After being ousted by the Italian Socialist Party, Mussolini made a radical transformation, ending his support for class conflict and joining in support of the revolutionary nationalism transcending class lines. He joined the army and was active for nine months in front-line trench warfare. However, in 1917 he was seriously wounded by the explosion of a mortar bomb in his trench and was left with at least 40 shards of metal in his body. After being discharged from the hospital in August 1917, he returned home a convinced antisocialist and resumed his editor-in-chief position at his new paper, Il Popolo d’ltalia. As early as February 1918, he openly advocated the emergence of a dictator to seize control of Italy. Completely dissatisfied with the Treaty of Versailles in 1919, Mussolini arranged to gather various fascist groups in Milan and established a new force in Italian politics, Fasci di combattimento, meaning ‘the Fighting Bands’.
Gradually, Mussolini was gaining popularity. Surrounded by his supporters wearing black shirts, his impressive physique, theatrical style of oratory and dramatic attitudes, caught the imagination of the crowds. In late 1920, the Blackshirt squads, often with the direct help of landowners, began to attack local government institutions and by late 1921, the Fascists were actually controlling the large parts of Italy. The government, dominated by middle-class Liberals, did little to combat this lawlessness. Under the above circumstances, Mussolini was patiently waiting for the right moment to seize power at the national level.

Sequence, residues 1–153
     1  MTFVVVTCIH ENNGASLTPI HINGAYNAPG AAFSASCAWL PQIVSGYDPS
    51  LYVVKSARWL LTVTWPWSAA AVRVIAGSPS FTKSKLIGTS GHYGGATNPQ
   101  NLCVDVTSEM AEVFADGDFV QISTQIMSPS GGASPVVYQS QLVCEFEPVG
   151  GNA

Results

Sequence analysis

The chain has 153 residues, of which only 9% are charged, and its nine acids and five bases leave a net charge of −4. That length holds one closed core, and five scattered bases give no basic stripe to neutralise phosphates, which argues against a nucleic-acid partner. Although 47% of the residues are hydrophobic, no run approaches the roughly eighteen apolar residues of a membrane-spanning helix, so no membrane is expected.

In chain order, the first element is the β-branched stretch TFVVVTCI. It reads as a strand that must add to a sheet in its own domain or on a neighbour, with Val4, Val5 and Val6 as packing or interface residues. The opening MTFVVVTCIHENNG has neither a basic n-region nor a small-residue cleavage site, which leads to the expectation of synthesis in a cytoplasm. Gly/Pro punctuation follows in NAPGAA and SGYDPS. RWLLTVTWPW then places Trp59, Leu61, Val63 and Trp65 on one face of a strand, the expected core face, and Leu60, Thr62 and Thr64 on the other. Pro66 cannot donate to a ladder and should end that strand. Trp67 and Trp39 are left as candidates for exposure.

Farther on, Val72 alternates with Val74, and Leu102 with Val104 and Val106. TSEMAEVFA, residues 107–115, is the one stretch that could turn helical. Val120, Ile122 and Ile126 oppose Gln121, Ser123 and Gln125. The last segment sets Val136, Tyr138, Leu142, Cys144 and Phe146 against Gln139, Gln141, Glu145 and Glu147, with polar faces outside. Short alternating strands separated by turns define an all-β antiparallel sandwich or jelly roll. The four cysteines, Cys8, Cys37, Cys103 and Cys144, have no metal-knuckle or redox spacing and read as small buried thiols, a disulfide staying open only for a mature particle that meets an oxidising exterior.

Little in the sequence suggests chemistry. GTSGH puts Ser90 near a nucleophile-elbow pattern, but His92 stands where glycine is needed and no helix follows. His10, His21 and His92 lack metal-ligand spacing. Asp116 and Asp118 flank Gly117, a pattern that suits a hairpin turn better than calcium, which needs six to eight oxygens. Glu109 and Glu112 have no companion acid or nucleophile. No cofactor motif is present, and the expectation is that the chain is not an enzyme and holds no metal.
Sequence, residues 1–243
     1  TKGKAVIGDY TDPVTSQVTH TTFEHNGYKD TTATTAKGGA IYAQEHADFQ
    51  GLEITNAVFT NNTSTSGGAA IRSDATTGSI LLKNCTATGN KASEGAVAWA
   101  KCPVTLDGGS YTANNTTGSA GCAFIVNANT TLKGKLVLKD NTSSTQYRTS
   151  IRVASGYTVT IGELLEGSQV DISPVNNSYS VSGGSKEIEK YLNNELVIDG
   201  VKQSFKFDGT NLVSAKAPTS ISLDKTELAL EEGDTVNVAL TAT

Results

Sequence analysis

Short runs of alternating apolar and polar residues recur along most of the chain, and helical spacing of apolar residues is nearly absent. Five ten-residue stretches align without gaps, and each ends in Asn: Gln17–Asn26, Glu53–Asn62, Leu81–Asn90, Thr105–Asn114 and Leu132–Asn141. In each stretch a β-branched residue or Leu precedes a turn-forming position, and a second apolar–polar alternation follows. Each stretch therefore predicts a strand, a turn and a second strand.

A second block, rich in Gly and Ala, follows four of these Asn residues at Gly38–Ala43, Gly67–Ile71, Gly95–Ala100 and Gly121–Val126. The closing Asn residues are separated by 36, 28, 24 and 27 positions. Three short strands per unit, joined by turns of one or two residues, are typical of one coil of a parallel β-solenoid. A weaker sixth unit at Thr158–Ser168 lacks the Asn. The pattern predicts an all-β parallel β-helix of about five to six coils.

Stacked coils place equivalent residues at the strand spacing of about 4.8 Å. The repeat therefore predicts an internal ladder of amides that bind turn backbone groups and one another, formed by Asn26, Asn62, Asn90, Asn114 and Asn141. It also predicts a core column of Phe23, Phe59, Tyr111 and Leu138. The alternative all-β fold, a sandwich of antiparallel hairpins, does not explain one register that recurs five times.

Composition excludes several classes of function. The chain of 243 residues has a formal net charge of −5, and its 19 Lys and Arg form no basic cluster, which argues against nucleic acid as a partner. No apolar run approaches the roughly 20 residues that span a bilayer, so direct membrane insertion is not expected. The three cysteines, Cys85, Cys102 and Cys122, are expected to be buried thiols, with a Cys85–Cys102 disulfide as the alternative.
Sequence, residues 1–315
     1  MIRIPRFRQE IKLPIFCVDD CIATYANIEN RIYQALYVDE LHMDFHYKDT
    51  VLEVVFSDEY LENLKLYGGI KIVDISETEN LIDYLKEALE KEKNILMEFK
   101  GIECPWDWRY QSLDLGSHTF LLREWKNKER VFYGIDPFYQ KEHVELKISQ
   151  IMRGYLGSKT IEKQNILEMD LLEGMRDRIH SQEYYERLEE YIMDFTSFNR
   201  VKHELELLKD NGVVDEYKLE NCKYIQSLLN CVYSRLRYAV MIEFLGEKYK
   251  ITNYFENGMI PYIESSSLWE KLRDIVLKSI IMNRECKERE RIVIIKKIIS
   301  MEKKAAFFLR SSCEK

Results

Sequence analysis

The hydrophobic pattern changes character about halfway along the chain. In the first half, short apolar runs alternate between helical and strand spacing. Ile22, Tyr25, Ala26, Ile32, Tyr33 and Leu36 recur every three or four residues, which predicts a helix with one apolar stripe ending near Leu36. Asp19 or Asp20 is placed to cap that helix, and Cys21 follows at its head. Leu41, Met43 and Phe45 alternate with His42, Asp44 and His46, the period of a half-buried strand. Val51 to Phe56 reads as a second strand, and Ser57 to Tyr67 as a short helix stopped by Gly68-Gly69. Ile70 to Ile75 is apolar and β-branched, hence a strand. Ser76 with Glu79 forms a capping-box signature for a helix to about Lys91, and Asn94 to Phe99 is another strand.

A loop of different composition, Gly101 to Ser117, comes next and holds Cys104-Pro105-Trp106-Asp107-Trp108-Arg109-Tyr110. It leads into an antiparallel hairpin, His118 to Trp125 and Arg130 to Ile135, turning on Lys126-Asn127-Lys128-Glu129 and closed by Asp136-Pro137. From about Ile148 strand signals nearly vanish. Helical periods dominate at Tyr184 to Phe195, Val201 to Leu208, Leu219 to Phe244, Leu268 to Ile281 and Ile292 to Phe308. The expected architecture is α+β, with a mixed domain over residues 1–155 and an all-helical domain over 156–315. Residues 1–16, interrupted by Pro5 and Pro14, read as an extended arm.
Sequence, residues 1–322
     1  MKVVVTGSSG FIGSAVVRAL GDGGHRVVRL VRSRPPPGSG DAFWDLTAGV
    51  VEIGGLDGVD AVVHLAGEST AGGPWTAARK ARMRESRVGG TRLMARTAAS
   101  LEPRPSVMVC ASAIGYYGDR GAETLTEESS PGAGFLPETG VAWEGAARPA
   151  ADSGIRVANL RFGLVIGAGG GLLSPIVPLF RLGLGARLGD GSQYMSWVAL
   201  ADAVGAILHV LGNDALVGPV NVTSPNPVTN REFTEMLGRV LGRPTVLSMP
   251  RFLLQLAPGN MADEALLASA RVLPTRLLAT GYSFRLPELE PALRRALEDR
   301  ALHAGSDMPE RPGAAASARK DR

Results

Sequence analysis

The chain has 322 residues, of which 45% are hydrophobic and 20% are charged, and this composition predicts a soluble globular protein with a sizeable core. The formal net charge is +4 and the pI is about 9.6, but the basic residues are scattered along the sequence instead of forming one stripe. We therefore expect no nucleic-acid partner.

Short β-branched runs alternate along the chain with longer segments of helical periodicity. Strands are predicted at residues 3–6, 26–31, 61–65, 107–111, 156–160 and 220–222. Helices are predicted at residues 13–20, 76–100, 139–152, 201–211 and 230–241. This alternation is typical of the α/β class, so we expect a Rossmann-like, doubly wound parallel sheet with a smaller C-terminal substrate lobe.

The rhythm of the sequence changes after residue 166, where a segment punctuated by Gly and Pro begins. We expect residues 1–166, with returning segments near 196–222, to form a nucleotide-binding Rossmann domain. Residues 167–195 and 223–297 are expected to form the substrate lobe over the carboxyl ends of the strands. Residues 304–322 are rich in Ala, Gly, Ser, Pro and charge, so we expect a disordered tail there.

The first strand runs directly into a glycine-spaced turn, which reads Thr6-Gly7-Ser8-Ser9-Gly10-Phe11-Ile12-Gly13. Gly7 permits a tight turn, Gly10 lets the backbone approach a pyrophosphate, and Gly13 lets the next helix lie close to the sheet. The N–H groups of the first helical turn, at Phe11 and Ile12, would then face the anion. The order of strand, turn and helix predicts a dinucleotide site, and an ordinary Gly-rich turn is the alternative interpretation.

The much awaited opportunity came in the summer of 1922, when the remnants of the trade-union movement called a general strike. Mussolini immediately took it as an opportunity and declared that unless the government prevented the strike, the Fascists would. The government was slow to act, eventually dispatching troops, though by that time, the strike was defeated with the help of the Fascist volunteers and they had already seized control of some local governments.